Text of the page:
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article imageDrought reveals loot at bottom of Vistula river in Warsaw Poland

By Ken Hanly     Sep 18, 2012 in World
Warsaw - Loot lost by 17 century Swedish invaders of Poland has been revealed at the bottom of the Vistula river by record low water levels. Elaborate marble stonework lies in the mud of the river bed.
A huge cargo of large blocks of the marble stonework apparently sank to the bottom of the Vistula river almost four centuries ago. The blocks were likely being transported back to Sweden by Swedish invaders. Record drought and low water levels have revealed the blocks. They are are covered in a yellow foul-smelling mud.
Researchers had known about the artefacts but retrieving them had been difficult as they were several feet under water. However, the task is still difficult because the water level is so low large floating cranes cannot get near enough to lift up the blocks and regular equipment sinks into the mud. Even so researchers are thankful the drought revealed the blocks.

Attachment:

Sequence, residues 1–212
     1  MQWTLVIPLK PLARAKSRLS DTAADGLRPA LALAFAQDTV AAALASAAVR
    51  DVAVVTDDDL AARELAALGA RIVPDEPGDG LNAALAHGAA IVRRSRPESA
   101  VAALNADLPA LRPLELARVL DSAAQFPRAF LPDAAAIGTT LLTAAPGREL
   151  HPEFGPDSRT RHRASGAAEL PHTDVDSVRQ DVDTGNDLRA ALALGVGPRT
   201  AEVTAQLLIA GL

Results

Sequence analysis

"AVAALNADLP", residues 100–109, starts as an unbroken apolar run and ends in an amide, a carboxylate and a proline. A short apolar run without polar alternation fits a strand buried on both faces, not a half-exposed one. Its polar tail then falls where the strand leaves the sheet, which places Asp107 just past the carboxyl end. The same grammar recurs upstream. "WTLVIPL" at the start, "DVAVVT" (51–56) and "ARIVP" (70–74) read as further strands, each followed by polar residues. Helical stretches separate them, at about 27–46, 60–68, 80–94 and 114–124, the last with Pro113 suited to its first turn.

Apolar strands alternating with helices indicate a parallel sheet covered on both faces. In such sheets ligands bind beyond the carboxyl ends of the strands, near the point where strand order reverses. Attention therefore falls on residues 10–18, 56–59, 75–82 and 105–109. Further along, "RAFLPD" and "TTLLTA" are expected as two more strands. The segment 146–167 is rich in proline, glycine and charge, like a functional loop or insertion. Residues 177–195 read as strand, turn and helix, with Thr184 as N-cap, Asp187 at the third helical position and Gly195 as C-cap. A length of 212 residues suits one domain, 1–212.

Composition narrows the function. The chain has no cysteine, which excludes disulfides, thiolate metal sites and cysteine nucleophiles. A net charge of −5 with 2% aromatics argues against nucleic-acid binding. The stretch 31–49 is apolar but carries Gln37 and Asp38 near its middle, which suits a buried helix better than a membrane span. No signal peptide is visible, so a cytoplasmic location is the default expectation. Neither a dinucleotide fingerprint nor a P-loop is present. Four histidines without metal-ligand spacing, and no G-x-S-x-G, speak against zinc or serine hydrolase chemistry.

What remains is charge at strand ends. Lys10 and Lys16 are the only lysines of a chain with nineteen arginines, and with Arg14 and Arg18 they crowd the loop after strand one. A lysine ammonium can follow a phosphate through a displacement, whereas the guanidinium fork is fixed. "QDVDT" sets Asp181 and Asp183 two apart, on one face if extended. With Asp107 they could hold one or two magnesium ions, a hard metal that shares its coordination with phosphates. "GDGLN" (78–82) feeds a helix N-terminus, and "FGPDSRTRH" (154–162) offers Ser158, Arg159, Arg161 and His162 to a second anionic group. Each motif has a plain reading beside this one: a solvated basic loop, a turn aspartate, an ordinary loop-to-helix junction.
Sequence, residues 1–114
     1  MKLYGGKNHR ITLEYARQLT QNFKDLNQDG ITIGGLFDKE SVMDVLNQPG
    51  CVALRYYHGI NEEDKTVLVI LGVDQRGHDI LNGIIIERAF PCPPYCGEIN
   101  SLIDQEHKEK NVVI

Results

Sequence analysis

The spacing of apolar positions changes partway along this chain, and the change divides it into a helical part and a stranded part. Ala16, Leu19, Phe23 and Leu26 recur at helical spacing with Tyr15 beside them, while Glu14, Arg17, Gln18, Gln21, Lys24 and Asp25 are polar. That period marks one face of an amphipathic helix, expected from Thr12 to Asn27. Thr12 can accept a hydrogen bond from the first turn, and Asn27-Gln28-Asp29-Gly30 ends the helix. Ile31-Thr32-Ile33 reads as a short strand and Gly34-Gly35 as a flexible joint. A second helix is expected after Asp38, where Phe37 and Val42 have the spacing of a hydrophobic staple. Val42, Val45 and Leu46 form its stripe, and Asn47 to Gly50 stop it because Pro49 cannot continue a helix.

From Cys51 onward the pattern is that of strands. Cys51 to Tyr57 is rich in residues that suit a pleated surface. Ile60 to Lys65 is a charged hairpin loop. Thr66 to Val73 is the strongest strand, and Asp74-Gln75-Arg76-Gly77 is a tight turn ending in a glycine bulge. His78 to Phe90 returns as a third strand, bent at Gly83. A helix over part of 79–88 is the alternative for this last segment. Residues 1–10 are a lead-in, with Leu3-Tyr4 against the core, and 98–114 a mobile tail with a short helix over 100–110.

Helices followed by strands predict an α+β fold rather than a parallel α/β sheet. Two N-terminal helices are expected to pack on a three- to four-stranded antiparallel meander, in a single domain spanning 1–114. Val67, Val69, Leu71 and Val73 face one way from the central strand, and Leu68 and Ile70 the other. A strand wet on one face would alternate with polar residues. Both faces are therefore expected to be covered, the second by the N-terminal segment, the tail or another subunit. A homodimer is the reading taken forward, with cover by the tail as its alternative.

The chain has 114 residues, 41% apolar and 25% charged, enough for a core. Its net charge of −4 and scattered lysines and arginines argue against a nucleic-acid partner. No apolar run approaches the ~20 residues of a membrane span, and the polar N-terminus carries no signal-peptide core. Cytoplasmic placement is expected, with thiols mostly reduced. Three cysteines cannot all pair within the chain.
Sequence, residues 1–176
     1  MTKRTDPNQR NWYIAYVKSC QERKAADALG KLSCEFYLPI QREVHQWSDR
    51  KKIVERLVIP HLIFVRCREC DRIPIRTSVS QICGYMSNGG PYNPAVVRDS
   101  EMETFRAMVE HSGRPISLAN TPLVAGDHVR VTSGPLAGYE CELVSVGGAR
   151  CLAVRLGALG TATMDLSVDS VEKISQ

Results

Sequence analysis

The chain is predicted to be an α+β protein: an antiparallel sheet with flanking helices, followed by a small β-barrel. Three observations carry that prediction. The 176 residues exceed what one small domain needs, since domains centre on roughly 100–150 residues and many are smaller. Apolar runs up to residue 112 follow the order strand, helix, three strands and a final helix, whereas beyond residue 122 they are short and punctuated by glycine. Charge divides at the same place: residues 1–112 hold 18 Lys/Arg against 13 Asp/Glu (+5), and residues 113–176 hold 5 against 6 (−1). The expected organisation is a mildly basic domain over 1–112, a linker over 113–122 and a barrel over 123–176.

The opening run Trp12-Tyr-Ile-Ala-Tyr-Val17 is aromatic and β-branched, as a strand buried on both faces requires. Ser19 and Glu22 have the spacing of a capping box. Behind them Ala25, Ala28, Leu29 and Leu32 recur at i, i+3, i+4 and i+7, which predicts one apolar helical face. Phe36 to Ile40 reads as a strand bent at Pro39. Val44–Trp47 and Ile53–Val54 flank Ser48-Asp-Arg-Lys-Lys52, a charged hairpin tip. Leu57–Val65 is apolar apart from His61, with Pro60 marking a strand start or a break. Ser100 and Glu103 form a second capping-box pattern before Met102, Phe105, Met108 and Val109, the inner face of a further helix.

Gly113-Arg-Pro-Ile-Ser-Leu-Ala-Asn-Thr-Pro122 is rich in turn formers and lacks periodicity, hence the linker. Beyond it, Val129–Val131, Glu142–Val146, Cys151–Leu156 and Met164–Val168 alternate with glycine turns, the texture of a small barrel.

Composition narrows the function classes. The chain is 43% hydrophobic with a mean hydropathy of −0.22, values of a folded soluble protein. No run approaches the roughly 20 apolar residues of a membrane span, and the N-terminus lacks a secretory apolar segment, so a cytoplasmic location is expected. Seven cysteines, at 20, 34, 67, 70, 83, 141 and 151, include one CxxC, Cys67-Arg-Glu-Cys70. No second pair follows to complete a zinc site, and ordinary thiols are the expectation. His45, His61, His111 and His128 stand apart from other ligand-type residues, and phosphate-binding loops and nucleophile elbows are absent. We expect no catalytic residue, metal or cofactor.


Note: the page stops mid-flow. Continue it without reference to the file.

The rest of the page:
Hubert Kowalski of the University of Warsaw Museum said:"The drought helped us a lot because what had been lying underneath is now at the surface," Previous to the revelation of the blocks, knowledge about what had happened when the Swedes invaded was quite sketchy but now there is clear material evidence of the invasion.
Historians think that the Swedes were trying to move the loot to Gdansk where the Vistula flows into the Baltic Sea and then ship the blocks to Sweden. As yet, it is not known exactly why the barges sank. Kowalski said that so far they have located 10 tonnes of stonework but they think there is much more. The barges had a capacity of about 50 to 60 tonnes each.
The Museum authorities intend to take the masonry to Warsaw's Royal Castle one of the sites believed to have been looted by the Swedes. However until the river level is a bit higher again progress will be quite slow.
The lowest water levels since records have been kept about 200 year ago have also revealed World War II explosives and pieces from Jewish gravestones. If water levels do not rise soon, power stations in the city that use the river water for cooling may be forced to close down.
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